As the $7.9B merger between Exelon (NYSE:EXC) and Constellation (NYSE:CEG) nears, the former will have an opportunity to turnaround its image of having a poor takeover record. Unfortunately, based on where power prices are likely to go and regulatory concessions, I am bearish on the accretive value of the strategy. Analysts mostly concur with a negative outlook in utilities and rate the company a "hold" - the same rating assigned for NextEra (NYSE:NEE). Based on my multiples analysis and DCF model, I would recommend holding out.
From a multiples perspective, Exelon is the cheaper of the two. It trades at a respective 11x and 15.2x past and forward earnings while NextEra trades at a respective 16.4x and 13.1x past and forward earnings. In addition, Exelon also has a dividend yield that is roughly 160 bps greater at 5.3%. Both companies are 40% less volatile than the market, but carry more risk than this metric would suggest due to regulatory headwinds and speculation over alternative energy sources.
At the fourth quarter earnings call, NextEra's Chairman & CEO, Lew Hay, noted a solid finish to the year:
"NextEra Energy delivered strong performance in the fourth quarter and overall for 2011. At Florida Power & Light, earnings growth was driven by investments in the business, including new efficient power generation, that are helping to provide our customers with the lowest bills in the state and reliability that is among the best in the country. At NextEra Energy Resources, we signed nearly 2,200 megawatts of long-term wind and solar contracts in 2011, our most ever in a single year".
Unlike for its competitor, fourth quarter results were decent at an EPS of $0.93, which was a 16.3% y-o-y return. Solid investments in clean power and efficiency also paid off at FPL - driving an EPS of $0.51 in this segment. The $3B deployment on projects further showcased management's confidence in the long-term fundamentals of the business.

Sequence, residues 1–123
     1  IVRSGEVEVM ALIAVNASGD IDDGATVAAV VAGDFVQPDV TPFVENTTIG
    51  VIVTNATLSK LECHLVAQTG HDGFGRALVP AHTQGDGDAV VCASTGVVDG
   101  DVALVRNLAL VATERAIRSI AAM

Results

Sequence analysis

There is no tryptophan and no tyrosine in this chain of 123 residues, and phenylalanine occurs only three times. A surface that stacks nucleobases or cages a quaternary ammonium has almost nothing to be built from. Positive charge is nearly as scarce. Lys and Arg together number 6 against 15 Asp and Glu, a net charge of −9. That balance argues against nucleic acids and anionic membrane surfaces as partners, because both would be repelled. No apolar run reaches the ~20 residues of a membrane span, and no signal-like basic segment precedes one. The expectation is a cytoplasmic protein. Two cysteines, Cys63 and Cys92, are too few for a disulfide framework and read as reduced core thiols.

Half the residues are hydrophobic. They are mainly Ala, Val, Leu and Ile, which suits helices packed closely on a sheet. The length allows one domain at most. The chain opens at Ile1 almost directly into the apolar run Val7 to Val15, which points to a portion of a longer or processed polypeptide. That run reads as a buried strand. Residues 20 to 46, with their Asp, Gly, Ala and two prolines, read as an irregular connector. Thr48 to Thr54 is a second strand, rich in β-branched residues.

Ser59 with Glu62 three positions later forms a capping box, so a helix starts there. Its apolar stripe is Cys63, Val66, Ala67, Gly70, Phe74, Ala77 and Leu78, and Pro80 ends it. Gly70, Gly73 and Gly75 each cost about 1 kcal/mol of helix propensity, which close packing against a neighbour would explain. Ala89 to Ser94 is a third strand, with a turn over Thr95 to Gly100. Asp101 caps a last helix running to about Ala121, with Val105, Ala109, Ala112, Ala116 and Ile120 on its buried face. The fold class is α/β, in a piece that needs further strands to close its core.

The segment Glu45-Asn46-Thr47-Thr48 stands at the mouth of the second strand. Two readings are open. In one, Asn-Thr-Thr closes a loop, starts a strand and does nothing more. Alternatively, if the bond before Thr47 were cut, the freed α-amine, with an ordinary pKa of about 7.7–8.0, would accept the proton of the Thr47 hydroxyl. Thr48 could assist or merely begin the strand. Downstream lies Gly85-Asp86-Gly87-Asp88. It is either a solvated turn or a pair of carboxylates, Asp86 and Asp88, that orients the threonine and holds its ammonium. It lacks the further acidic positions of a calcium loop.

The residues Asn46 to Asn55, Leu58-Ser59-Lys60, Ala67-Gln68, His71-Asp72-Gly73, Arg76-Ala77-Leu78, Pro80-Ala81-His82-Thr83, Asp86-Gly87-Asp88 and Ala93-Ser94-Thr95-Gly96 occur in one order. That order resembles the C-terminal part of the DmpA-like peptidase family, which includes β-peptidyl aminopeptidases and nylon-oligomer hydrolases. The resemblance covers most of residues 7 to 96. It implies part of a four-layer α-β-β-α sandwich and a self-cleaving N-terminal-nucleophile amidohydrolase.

Consensus estimates for NextEra's EPS forecast that it will grow by 1.9% to $4.38 in 2011 and then by 4.1% and 9.2% more in the following two years. Modeling a CAGR of 5% for EPS over the next three years and then discounting backwards by a WACC of 9% yields a fair value figure of $64.03, implying just 7.4% upside. This is not enough, in my view, to call the investment a "value play".
Ditto for Exelon, which is about to close its merger with Constellation. As I believe that power prices will increase, Constellation will be more dilutive to shareholder value than what Exelon anticipates. This is not even considering the roughly $1B worth of concessions that were made to regulators. If, however, power and gas prices remain low, the acquisition will be accretive to utilities. In any event, concerns loom about rate caps and with opex roughly fixed, power prices are the main determinant of margins. During the fourth quarter, EPS of $0.91 was 6 cents below consensus due to lower margins and the negative impact of poor weather. The company's 11 Midwest and mid-Atlantic plants generate about 17% of domestic nuclear power, but represent less than a quarter of that in total domestic energy consumption. With Exelon being the greatest nuclear generator, it has strong speculative value from a shift to cleaner energy.
Consensus estimates for Exelon's EPS forecast that it will decline by 26.9% to $3.04 in 2012, decline by 3.6% in 2013, and then grow by 6.8% in 2014. Assuming a multiple of 12.5x and a conservative 2013 EPS of $2.98, the rough intrinsic value of the stock is $37.25, implying downside.